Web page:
A healthy living blog from Marshfield Clinic Health System

Taking statins and love grapefruit? Read this

Woman eating a grapefruit - Statins and grapefruit

When you take some medications in combination with grapefruit, problems can occur.

If you’re one of the millions of Americans taking statins, and you’re a fan of grapefruit, you should talk with your medical provider. Statins are a class of medications designed to lower cholesterol. When you take some statins in combination with grapefruit, problems can occur.

Enzyme decline

Grapefruit affects the way your body processes statins, and can leave you with too much of an active form of medication in your bloodstream, or too little.

“Grapefruit can interact with an enzyme in the lining of the intestine that is responsible for metabolism of the medicine,” said Dr. Diaa Alaoua, a Marshfield Clinic Health System cardiologist. “The grapefruit makes this enzyme ineffective at breaking down the medication.”

Potential side effects

The problem with too much active medication in your bloodstream is that it produces a greater chance for side effects. Those side effects may include muscle and joint pain or more serious effects like liver and muscle damage. On the other hand, too little active medication in your system will not be effective in lowering your cholesterol.

Not every statin interacts the same way with grapefruit, and some statins are fine to take along with grapefruit. There also are other drugs that can be affected by the presence of grapefruit in your diet. The U.S. Food and Drug Administration put together a brief list of medications that may interact with grapefruit, available here.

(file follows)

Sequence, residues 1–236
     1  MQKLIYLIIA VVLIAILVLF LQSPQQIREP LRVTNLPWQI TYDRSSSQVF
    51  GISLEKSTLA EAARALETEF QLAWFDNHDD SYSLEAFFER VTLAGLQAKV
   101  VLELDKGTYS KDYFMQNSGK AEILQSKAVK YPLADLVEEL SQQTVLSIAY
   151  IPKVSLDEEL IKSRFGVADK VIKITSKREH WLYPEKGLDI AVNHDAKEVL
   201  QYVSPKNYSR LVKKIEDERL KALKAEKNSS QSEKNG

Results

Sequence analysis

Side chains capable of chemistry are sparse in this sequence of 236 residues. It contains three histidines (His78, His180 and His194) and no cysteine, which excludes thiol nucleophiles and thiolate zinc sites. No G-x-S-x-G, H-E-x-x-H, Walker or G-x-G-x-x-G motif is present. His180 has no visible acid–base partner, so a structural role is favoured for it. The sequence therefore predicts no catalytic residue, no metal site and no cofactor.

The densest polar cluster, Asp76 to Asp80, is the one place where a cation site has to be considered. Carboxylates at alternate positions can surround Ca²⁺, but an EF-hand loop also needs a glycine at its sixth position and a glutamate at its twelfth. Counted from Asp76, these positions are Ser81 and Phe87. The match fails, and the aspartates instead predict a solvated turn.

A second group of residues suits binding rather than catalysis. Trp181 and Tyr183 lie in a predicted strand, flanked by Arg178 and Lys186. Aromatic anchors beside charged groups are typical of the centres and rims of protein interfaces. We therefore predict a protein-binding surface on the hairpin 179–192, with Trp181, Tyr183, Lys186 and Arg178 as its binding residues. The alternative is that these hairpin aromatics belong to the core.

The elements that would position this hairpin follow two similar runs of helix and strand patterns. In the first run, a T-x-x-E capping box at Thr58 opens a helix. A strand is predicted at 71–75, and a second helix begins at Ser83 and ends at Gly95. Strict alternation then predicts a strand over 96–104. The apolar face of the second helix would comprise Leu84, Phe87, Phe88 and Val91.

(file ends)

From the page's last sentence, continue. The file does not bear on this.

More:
“The enzyme that the grapefruit works on also is responsible for metabolizing about 50 percent of the drugs we take,” Dr. Alaoua said. “There are a large number of medications that can be affected by grapefruit.”

What you can do

If you are about to start taking a statin but you love grapefruit, Dr. Alaoua suggests talking with your medical provider.

“The best route would be to eliminate grapefruit from your diet if you are on one of these medications,” he said. “But if you absolutely love grapefruit, try to significantly reduce the amount you are consuming.”

Dr. Alaoua also suggested looking for another similar medication that won’t interact with grapefruit. If that is not possible, Dr. Alaoua recommended taking the medication at least four hours before consuming grapefruit so it has time to be processed by the body before the grapefruit can interfere.

If you have questions about your medications, it is best to talk to your care team.

Leave a Reply

Your email address will not be published. Required fields are marked *

View our comment policy